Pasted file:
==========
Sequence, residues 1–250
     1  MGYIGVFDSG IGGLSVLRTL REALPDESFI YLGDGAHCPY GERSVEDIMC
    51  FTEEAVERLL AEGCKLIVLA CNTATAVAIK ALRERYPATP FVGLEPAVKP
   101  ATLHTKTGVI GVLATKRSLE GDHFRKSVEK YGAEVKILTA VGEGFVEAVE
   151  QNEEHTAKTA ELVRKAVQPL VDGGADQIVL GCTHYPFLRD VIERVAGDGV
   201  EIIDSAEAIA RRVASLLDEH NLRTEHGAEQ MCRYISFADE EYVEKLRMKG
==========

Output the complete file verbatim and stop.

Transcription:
Sequence, residues 1–250
     1  MGYIGVFDSG IGGLSVLRTL REALPDESFI YLGDGAHCPY GERSVEDIMC
    51  FTEEAVERLL AEGCKLIVLA CNTATAVAIK ALRERYPATP FVGLEPAVKP
   101  ATLHTKTGVI GVLATKRSLE GDHFRKSVEK YGAEVKILTA VGEGFVEAVE
   151  QNEEHTAKTA ELVRKAVQPL VDGGADQIVL GCTHYPFLRD VIERVAGDGV
   201  EIIDSAEAIA RRVASLLDEH NLRTEHGAEQ MCRYISFADE EYVEKLRMKG